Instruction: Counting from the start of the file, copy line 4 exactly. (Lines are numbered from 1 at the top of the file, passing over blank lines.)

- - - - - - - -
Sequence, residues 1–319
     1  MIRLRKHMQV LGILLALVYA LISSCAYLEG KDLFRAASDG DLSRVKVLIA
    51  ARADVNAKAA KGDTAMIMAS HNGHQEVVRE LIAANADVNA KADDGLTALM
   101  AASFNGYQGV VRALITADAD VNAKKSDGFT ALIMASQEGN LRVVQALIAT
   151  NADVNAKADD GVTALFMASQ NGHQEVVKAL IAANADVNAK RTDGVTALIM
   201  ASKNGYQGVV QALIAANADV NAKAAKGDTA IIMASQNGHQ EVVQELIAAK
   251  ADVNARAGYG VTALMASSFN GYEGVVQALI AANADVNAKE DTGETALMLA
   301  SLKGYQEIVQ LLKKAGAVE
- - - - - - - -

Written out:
   101  AASFNGYQGV VRALITADAD VNAKKSDGFT ALIMASQEGN LRVVQALIAT